With 1.58 million people in Ireland registered on Facebook, it may be tempting for employers to use the site to research job candidates.
According to a 2009 survey by CareerBuilder, some 45 per cent of employers used social networking sites to research job candidates and 35 per cent of those employers had rejected candidates based on what they found. The survey also found that more than four in 10 employers discarded a job seeker’s resumé after checking their Facebook page.
Even Barack Obama has given warnings about the dangers of Facebook. He told a group of students: “I want everybody here to be careful about what you post on Facebook, because in the YouTube age, whatever you do, it will be pulled up again later somewhere in your life. I’ve been hearing a lot about young people who, you know, they’re posting stuff on Facebook, and then suddenly they go apply for a job and somebody has done a search.”
In Ireland, the Department of Trade, Enterprise and Innovation’s legislation only protects those that have a contract of employment with an employer. There is no law for those looking for a job so employers can legally search social networking sites and the internet for information on potential employees.
A departmental spokeswoman said: “If the person has concerns over information on the internet, it may be a matter to be considered under data protection legislation.”
In Germany, however, the Government has drafted a new law which could prevent employers from looking at such information during the recruitment process.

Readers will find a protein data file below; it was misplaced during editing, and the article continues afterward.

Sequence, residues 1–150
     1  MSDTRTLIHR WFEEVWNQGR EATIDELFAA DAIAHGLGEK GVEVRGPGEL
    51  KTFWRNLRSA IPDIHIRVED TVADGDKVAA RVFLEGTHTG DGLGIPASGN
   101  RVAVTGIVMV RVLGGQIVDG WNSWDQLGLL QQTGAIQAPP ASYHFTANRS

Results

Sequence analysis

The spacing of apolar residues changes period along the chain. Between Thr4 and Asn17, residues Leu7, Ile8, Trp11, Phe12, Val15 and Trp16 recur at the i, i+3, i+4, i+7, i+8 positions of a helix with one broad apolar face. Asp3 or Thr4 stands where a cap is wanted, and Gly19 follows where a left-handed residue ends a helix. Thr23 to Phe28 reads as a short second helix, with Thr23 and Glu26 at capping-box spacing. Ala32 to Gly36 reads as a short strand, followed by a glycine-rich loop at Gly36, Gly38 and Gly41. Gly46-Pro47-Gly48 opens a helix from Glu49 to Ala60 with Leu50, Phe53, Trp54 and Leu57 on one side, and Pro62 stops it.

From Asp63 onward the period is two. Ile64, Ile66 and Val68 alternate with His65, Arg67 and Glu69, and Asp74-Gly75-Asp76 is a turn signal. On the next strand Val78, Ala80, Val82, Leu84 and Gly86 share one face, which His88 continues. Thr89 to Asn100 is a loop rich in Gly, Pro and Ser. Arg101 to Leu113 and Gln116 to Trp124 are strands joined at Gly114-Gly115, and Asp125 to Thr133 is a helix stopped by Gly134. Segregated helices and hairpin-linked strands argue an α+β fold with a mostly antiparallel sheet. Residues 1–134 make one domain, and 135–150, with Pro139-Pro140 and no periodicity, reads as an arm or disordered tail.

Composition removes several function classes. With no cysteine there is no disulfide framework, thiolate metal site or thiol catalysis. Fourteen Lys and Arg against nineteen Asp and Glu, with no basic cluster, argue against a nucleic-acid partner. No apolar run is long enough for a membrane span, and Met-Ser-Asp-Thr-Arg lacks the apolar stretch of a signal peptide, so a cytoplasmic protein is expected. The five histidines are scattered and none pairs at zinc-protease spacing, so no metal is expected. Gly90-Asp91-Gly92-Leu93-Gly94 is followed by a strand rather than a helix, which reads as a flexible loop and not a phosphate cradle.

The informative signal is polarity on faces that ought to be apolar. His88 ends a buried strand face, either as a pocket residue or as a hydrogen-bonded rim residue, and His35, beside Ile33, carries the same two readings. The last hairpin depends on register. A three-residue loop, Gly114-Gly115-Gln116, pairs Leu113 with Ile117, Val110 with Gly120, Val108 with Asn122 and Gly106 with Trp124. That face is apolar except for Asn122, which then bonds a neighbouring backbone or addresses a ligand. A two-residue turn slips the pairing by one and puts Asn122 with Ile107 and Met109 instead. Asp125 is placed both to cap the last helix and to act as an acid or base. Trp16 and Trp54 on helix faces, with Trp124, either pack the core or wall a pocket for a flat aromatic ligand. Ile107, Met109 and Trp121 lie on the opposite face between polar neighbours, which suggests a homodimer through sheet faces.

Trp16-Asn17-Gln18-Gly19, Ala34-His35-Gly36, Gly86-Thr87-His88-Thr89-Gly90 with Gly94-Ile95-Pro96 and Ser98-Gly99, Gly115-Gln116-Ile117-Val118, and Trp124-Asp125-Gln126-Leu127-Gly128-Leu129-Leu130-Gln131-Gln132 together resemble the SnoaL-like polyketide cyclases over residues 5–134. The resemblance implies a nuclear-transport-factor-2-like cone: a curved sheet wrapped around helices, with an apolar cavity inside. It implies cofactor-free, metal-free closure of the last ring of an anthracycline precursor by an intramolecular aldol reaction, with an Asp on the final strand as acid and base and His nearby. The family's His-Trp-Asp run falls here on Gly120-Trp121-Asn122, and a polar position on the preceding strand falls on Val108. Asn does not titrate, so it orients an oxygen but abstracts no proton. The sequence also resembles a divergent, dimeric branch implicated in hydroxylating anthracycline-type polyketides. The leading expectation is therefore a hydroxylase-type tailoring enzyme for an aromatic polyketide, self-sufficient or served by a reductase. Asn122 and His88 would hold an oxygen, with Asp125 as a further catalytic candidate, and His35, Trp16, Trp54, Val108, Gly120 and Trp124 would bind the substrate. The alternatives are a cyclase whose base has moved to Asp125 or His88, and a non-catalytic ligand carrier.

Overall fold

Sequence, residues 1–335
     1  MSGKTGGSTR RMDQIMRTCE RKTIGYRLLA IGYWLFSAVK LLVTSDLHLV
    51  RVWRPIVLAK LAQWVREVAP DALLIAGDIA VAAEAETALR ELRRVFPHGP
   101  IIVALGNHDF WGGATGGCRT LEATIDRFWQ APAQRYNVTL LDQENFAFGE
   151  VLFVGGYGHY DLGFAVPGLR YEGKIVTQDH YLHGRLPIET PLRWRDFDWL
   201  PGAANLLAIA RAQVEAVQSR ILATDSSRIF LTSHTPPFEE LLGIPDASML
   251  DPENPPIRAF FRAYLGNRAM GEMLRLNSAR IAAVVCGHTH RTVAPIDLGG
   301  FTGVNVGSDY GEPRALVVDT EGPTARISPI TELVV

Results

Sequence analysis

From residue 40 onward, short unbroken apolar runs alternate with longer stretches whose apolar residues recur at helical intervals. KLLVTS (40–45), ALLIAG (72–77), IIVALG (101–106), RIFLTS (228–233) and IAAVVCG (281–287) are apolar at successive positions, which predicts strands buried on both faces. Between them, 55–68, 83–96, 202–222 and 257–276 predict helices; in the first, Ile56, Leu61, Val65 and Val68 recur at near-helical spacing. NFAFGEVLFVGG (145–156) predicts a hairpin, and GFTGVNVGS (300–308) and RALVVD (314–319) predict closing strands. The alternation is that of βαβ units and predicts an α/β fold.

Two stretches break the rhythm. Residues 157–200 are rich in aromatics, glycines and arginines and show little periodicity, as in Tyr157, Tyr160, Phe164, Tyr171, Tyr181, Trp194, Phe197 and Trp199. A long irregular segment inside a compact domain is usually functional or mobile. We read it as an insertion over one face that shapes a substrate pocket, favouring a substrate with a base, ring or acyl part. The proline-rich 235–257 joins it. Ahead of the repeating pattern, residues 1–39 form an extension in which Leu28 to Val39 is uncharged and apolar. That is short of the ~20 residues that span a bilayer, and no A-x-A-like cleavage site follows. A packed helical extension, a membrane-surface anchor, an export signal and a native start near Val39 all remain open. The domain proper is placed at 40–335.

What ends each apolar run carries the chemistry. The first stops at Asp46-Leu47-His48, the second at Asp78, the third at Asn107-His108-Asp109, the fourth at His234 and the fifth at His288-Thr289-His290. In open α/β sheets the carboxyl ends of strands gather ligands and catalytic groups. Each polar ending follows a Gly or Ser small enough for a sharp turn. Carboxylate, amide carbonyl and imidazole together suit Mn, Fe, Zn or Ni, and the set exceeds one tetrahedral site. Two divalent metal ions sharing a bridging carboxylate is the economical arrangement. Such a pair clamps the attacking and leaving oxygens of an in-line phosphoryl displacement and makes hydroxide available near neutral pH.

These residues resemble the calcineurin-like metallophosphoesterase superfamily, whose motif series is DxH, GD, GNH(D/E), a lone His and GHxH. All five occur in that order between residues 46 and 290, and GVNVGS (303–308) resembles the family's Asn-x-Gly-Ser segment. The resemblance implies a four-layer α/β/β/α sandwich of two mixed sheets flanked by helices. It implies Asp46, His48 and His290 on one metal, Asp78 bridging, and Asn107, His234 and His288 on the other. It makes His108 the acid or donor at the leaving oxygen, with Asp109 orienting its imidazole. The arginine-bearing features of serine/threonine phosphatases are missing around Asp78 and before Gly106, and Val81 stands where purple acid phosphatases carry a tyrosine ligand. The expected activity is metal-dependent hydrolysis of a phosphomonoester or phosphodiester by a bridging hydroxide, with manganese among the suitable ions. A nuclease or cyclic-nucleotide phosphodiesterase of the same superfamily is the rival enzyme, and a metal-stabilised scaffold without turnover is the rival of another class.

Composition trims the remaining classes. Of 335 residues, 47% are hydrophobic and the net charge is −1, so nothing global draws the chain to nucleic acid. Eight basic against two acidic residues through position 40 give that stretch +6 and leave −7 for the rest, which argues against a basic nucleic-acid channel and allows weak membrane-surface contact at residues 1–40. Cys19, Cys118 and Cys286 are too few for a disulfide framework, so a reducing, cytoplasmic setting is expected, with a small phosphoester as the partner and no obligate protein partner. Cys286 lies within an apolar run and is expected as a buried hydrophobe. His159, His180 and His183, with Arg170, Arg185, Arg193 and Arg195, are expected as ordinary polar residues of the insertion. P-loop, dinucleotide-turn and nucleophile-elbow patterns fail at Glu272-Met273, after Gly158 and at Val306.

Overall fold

The new law will only allow employers to verify candidate’s details on work-related websites such as LinkedIn.com and recruitment sites.
The draft legislation also covers the issue of companies spying on employees. The law will forbid firms from video surveillance of workers in personal locations such as bathrooms, changing rooms and break rooms. Video cameras will only be permitted in certain places where they are justified, such as entrance areas, and staff will have to be made aware of their presence.
Companies will only be able to monitor employees’ telephone calls and e-mails under certain conditions.
Germany is well-known for taking a firmer position in protecting consumer privacy than some of its EU counterparts. Earlier this year, German regulators led international criticism after Facebook changed its privacy control to allow strangers to view a user’s personal details. After discussions, Facebook finally backed down and tightened up security measures.
The German Government is also currently working on legislation to set up specific privacy controls for Google’s Street View service. In a departure from its privacy policies in all other territories, Google has already allowed German home owners to remove their property from the service.
Date posted: Wednesday, December 1st, 2010 at 4:04 pm